Hankey, S., Lindsey, G., & Marshall, J. (2014). Day-of-year scaling factors and design considerations for nonmotorized traffic monitoring programs. Transportation Research Record, 2468, 64–73.

Hankey, S., Lindsey, G., Wang, X., Borah, J., Hoff, K., Utecht, B., & Xu, Z. (2012). Estimating use of non-motorized infrastructure: Models of bicycle and pedestrian traffic in Minneapolis, MN. Landscape and Urban Planning, 107(3), 307–316. doi: http://dx.doi.org/10.1016/j.landurbplan.2012.06.005

Heinen, E., van Wee, B., & Maat, K. (2010). Commuting by bicycle: An overview of the literature. Transport Reviews, 30(1), 59–96.

Krizek, K. J., El-Geneidy, A., & Thompson, K. (2007). A detailed analysis of how an urban trail system affects cyclists’ travel. Transportation, 34(5), 611–624. doi: 10.1007/s11116-007-9130-z

Kuzmyak, J. R., Walters, J., Bradley, M., & Kockelman, K. M. (2014). Estimating bicycling and walking for planning and project development: A guidebook. Washington, DC: Transportation Research Board.

Lindsey, G., Wilson, J., Yang, J. A., & Alexa, C. (2008). Urban greenways, trail characteristics and trail use: implications for design. Journal of Urban Design, 13(1), 53–79.

Lovasi, G. S., Schwartz-Soicher, O., Neckerman, K. M., Konty, K., Kerker, B., Quinn, J., & Rundle, A. (2013). Aesthetic amenities and safety hazards associated with walking and bicycling for transportation in New York City. Annals of Behavioral Medicine, 45(1), 76–85.

Ma, L., & Dill, J. (2015). Associations between the objective and perceived built environment and bicycling for transportation. Journal of Transport & Health, 2(2), 248–255.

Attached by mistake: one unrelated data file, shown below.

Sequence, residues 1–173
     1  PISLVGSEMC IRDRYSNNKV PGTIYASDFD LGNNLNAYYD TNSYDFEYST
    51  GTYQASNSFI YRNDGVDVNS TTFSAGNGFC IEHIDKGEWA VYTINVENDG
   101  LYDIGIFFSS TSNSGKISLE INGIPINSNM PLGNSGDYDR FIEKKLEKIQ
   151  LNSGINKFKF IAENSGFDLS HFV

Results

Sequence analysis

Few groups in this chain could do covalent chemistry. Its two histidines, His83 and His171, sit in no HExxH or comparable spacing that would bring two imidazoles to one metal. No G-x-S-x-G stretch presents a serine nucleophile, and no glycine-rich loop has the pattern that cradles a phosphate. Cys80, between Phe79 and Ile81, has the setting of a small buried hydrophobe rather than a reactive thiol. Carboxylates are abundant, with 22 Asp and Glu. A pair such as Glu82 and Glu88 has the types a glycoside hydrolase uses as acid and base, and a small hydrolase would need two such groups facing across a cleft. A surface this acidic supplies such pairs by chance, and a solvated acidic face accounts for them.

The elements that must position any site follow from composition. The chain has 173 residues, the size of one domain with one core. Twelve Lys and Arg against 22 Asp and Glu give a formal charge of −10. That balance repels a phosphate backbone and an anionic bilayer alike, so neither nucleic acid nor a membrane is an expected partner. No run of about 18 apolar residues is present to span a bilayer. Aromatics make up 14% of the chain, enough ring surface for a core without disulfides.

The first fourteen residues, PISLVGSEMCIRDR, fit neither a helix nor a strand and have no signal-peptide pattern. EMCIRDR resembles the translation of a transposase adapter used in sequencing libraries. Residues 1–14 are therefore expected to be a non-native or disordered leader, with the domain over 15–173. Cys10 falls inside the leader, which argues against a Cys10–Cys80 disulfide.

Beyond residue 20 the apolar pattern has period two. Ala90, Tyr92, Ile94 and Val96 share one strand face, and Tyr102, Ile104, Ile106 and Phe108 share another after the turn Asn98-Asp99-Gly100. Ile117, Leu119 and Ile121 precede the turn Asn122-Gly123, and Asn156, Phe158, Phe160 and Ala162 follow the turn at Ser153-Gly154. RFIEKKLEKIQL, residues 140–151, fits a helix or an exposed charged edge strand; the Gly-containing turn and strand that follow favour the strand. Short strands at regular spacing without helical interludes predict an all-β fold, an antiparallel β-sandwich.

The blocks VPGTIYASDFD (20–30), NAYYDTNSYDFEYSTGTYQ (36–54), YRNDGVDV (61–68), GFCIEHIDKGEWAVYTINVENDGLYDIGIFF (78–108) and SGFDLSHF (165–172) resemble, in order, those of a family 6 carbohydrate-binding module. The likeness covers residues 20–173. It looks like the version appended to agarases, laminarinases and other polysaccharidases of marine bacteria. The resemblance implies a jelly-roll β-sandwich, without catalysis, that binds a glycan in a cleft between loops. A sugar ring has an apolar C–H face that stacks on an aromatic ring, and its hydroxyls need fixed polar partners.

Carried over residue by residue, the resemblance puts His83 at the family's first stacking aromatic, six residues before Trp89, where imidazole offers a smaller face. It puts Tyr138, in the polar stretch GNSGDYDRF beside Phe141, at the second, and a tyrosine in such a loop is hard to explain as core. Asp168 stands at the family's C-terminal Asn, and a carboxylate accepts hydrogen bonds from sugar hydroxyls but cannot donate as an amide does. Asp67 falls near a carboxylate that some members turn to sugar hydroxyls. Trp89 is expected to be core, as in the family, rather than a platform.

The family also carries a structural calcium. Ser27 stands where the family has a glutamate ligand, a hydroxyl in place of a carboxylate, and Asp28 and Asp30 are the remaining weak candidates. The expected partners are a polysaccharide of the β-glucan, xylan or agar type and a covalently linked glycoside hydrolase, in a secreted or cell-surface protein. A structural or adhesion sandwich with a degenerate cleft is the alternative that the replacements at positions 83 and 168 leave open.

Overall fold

Moran, M. R., Plaut, P., & Epel, O. B. (2015). Do children walk where they bike? Exploring built environment correlates of children’s walking and bicycling. Journal of Transport and Land Use, 9(2), 43–65.

Moudon, A. V., Lee, C., Cheadle, A. D., Collier, C. W., Johnson, D., Schmid, T. L., & Weather, R. D. (2005). Cycling and the built environment, a US perspective. Transportation Research Part D: Transport and Environment, 10(3), 245–261.

Muhs, C. D., & Clifton, K. J. (2016). Do characteristics of walkable environments support bicycling? Toward a definition of bicycle-supported development. Journal of Transport and Land Use, 9(2), 147–148.

Niemeier, D. A. (1996). Longitudinal analysis of bicycle count variability: Results and modeling implications. Journal of Transportation Engineering, 122(3), 200–206.

Noland, R. B., Smart, M. J., & Guo, Z. (2016). Bikeshare Trip Generation in New York City. Paper presented at the Transportation Research Board 95th Annual Meeting, Transportation Research Board, Washington, DC.

Pikora, T., Giles-Corti, B., Bull, F. , Jamrozik, K., & Rob, D. (2003). Developing a framework for assessment of the environmental determinants of walking and cycling. Social Science and Medicine, 56(8), 1693–1703.

Pucher, J., Dill, J., & Handy, S. (2010). Infrastructure, programs, and policies to increase bicycling: An international review. Preventive medicine, 50, S106–S125.

Qureshi, I., & Fang, Y. (2010). Socialization in open source software projects: A growth mixture modeling approach. Organizational Research Methods, 4(1), 208–238.

Reynolds, C. C., Harris, M. A., Teschke, K., Cripton, P. A., & Winters, M. (2009). The impact of transportation infrastructure on bicycling injuries and crashes: A review of the literature. Environmental Health, 8(1), 47.